So in the long run, this question of Scotus has nothing to do with Sabbath-Sunday debates (which turn on Church authority and very early church history, anway) currently played out among those who dialogue with groups such as the Seventh-Day Adventists.
In other news, while reading a question on the connection of the moral virtues, Scotus repeated the traditional claim that virtues can only be formed by repeated acts consonant with right reason. His "voluntarism" is of an entirely different nature than the Cambridge phantasists and Fr. Schall deign to report.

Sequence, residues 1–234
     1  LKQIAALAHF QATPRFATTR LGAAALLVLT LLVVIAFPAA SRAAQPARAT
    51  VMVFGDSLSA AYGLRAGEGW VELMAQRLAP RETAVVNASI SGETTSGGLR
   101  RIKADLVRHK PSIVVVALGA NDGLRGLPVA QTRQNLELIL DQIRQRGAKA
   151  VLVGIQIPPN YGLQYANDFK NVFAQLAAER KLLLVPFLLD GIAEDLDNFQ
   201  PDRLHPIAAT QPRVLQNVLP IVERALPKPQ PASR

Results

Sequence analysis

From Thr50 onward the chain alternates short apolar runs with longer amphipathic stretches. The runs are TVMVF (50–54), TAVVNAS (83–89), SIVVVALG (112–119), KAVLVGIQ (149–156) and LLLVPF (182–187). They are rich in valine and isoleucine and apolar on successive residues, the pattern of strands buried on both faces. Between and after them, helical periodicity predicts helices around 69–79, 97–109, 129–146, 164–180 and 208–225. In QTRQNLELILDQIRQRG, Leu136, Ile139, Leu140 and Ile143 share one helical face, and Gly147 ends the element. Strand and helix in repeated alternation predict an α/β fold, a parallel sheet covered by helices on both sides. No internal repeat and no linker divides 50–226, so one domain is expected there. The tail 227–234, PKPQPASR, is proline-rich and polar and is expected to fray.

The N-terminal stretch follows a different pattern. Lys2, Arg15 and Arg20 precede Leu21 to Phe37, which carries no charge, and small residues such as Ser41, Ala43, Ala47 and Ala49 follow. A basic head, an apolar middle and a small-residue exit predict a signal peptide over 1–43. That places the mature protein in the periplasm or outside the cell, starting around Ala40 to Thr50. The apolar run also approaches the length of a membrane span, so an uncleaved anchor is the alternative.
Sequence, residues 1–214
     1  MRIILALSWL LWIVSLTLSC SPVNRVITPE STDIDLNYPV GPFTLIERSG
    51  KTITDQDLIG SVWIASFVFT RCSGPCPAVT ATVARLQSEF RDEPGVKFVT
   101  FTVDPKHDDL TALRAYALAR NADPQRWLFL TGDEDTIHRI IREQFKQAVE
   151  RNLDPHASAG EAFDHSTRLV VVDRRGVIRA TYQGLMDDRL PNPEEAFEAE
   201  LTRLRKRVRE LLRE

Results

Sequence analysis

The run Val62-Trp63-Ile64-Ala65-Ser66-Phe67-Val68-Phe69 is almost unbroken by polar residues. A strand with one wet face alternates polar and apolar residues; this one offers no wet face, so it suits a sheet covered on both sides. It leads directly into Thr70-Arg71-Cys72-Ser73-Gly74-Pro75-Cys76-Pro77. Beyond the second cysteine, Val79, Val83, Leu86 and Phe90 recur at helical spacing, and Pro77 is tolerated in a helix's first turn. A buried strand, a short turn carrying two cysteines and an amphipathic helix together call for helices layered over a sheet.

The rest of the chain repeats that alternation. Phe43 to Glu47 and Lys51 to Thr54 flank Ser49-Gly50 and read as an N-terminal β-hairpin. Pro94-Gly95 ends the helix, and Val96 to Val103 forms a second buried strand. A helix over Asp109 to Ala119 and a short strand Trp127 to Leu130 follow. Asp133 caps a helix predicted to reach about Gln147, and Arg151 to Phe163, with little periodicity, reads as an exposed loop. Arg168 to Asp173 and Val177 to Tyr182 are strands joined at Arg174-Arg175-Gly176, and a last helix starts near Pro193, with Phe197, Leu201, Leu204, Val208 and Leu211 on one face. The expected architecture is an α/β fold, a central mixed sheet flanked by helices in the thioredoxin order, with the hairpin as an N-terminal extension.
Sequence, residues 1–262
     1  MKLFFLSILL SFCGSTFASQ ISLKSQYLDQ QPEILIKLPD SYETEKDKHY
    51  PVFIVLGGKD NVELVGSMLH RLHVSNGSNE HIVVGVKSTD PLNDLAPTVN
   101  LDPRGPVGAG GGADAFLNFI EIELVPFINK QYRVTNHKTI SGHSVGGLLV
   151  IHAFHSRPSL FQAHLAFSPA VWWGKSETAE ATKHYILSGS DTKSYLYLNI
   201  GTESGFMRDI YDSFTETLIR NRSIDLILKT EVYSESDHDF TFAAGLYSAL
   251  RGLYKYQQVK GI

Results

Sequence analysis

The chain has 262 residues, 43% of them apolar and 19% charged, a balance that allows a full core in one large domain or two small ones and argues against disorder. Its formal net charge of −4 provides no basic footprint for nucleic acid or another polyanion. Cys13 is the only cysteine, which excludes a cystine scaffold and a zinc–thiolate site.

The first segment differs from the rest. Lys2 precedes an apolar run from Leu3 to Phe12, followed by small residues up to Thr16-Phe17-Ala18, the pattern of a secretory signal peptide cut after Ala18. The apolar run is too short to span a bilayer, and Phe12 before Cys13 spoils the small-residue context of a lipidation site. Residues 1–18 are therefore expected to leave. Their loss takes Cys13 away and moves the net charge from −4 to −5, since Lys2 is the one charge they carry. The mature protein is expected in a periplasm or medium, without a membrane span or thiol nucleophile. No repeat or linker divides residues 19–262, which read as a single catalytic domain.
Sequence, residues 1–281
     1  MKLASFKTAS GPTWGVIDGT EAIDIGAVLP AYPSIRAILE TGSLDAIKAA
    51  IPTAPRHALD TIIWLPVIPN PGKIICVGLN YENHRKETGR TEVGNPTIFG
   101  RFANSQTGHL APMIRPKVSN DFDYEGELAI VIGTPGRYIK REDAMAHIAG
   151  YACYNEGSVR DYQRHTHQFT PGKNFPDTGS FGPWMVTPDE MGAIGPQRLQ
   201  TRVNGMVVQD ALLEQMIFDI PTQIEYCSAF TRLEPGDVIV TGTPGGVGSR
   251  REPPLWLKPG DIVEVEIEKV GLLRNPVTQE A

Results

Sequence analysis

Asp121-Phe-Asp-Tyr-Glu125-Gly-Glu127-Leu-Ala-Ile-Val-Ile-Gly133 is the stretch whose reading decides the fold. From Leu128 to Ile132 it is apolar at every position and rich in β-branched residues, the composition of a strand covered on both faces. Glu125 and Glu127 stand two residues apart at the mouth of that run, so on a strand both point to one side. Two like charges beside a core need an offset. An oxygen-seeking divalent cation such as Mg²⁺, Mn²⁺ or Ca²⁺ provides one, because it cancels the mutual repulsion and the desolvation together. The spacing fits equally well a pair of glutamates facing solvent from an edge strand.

Ordinatio III d. 37 q. un. n. 21:
"The third precept of the first table, which is of observing the sabbath, is affirmative as far as to showing some worship to God at a determinate time; but as far as to the determination of this time or that, it is not part of the law of nature strictly speaking. Likewise, neither is it of the law of nature strictly speaking asf ar as to the other part, the negative, which is included there, by which a servile act is prohibited, for a determinate act, prohibiting one from then showing worship to God: for that act is not prohibted unless because it is impeding or holding back from that worship which is commanded.
n. 24: if however this third commandment is not of the law of nature strictly, then it should be judged about it, with respect to this, just as of the commandments of the second table."